Straight out, wealth management advisories will tell you that a Portfolio Management Service (PMS) is for money-savvy high-networth individuals (HNIs). And they are right.
Financial services firms offer PMSes tailored per each investor’s risk appetite, investment horizon and return targets. The aim is to invest the monies in a focused set of instruments, such as equity, debt and other structured products, to maximise returns.
The catch is that in India, the minimum PMS investment size is ₹50 lakh. While it’s true that HNIs are more likely to have the wherewithal to sink half-a-crore rupees in one investment basket, young investors, and professionals doing exceedingly well, are increasingly looking at PMS.
How PMS differs from MF
A mutual fund (MF) scheme invests in a bunch of companies (in case of equity scheme), debt instruments and so on. It then sells you units out of these investment baskets, so that your portfolio is more or less standardised. On the other hand, a PMS invests your money in a more customised way, and you get to actually hold the shares or bonds in your own name — there is no question of units.
You open a demat account, sign a power of attorney with the PMS manager, and let him invest the ₹50 lakh in the way he deems best for you. PMSes come in two types: discretionary and non-discretionary. In the former, the portfolio manager handles your fund individually, autonomously. y. In the latter, he gives you periodic advice and acts per your direction.
What PMS investors value most about the instrument is the flexibility it offers. While MFs go by a strict set of norms, PMS gives the investor greater leeway. For instance, an equity MF cannot invest more than 10% of its corpus in one company. A PMS can. This means you can put in lumpsums in stocks that are doing exceedingly well, and which you think promise to do well in future, too.
The risk factors
There is a reason why the regulators have introduced a ₹50-lakh threshold for PMS — it’s far riskier than MFs and other instruments. The regulatory bodies do not want small, gullible investors convinced into investing in PMS by smooth-talking wealth managers. The ₹50-lakh cut-off (it was ₹25 lakh until January 2020) serves that purpose.
If you’re a non-HNI investor, and are looking at PMS, you’re certainly placing several pricey eggs in one basket. The risk it holds needs to be fully understood. Yet, if your investment horizon is sufficiently long, and your portfolio manager has an excellent track record, your PMS might fetch you excellent returns.
For non-HNI investors, PMS may be considered for long-term goals, such as higher education of child (of currently young parents) or a plan to buy a larger property after 10-15 years. Some like to use it as part of their retirement kitty. The longer time horizon is to make sure the downtrends get ironed out.
“It’s a sign of a maturing investment market,” said a Chennai-based wealth manager. “When investors realise that a good manager can do wonders with their money, they are willing to overcome their fears and expand their risk horizons.”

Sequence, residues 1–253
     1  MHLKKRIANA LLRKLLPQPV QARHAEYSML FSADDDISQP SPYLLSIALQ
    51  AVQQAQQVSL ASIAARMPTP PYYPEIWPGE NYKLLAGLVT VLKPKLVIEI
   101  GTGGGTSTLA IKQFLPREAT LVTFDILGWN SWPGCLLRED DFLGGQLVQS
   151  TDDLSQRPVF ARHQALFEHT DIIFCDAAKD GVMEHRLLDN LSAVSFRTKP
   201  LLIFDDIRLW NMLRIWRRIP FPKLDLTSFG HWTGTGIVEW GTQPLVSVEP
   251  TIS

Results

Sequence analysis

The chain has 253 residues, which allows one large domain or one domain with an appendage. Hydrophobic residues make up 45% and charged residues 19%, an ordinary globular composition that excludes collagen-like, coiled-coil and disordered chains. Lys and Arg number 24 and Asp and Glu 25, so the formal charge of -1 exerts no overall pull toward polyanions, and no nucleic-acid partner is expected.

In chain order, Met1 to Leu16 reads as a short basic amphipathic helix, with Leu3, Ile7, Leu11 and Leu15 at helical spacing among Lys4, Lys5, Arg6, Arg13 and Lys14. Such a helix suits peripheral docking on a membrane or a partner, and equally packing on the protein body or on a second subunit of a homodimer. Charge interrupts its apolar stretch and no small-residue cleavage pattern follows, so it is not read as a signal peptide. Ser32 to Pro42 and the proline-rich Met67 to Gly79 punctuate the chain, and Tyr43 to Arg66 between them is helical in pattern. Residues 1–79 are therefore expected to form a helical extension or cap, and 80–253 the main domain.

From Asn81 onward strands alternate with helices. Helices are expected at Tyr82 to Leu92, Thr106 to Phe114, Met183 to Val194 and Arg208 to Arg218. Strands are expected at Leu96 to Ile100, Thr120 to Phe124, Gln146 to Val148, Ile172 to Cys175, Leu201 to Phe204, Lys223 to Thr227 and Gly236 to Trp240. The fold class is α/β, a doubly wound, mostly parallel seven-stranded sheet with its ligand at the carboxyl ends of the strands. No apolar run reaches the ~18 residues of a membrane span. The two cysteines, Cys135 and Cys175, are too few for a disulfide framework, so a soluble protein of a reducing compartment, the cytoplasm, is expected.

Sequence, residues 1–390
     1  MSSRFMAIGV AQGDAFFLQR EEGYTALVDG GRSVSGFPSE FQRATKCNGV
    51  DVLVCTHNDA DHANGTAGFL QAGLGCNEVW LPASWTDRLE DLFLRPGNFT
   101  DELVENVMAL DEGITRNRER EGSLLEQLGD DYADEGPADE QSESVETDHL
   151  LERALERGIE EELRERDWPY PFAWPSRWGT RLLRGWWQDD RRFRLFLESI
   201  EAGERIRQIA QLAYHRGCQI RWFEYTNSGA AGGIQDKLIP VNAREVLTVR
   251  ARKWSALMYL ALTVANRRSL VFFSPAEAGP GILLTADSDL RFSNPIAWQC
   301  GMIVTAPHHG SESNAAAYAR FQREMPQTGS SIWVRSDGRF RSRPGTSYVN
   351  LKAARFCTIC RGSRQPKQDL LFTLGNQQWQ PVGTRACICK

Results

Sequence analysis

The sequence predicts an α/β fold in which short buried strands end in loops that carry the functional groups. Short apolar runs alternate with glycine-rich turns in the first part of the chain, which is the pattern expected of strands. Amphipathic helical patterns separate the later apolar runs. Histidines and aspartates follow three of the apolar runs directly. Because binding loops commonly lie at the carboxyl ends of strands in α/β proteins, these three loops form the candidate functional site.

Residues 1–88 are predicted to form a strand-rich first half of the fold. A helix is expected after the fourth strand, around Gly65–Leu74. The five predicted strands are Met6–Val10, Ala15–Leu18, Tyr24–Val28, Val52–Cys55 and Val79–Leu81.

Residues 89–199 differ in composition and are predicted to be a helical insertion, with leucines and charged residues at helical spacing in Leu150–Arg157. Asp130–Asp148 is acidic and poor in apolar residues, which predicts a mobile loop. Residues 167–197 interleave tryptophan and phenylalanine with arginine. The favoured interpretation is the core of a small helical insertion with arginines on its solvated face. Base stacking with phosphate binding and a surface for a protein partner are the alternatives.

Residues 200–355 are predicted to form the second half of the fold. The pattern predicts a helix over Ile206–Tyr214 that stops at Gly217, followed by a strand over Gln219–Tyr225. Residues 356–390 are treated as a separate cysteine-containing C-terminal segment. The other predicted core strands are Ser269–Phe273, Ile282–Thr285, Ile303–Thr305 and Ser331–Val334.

He went on to say that some — like IT professionals with lumpsum bonuses, and employees whose companies have made ESOP (employee stock ownership plan) buybacks — find themselves with money that they feel doesn’t have to be invested traditionally. One of his PMS clients is a co-founder of a start-up that got acquired by a larger firm; this client invested the proceeds from his stake sale in a PMS product.
Also, a working couple may pool in part of their savings to open a PMS product. Sometimes, proceeds from a property sale or an inheritance may also be invested in PMS, though tax issues need to be addressed first.
Question of transparency
For a long time, finance experts advised caution about PMS products because they are not as closely regulated as MFs. But over the recent years, Indian regulators have stepped up vigilance on PMSes to ensure there is greater transparency.
Also, a PMS, by its very nature, promotes active interaction between customer and investment manager. MFs, on the other hand, are ‘mass’ products — while your agent might engage with you closely, the MF managers themselves cannot interact with customers on a personal basis.
What perhaps works best for PMS customers is that their investment managers have some skin in the game. PMS managers charge an annual maintenance fee, but their bigger income comes from profit-sharing with the customers. The profit-share is based on a pre-agreed rate of return threshold (typically 20%), often referred to as ‘hurdle rate’, and makes sure the manager is incentivised to get the customer higher returns.
To improve transparency, the Securities and Exchange Board of India (SEBI) recently introduced norms around operational fees, entry and exit load, and the client onboarding methods. It has also mandated monthly reports by PMS managers, which customers are advised to scrutinise meticulously.
The reporting requirements have also been tweaked so that PMS managers have to be more transparent about returns, commissions and so on. Still, the PMS sector is not as tightly regulated as MFs.
Akin to almost all investment avenues, investors who take informed, conscious decisions are the best-served.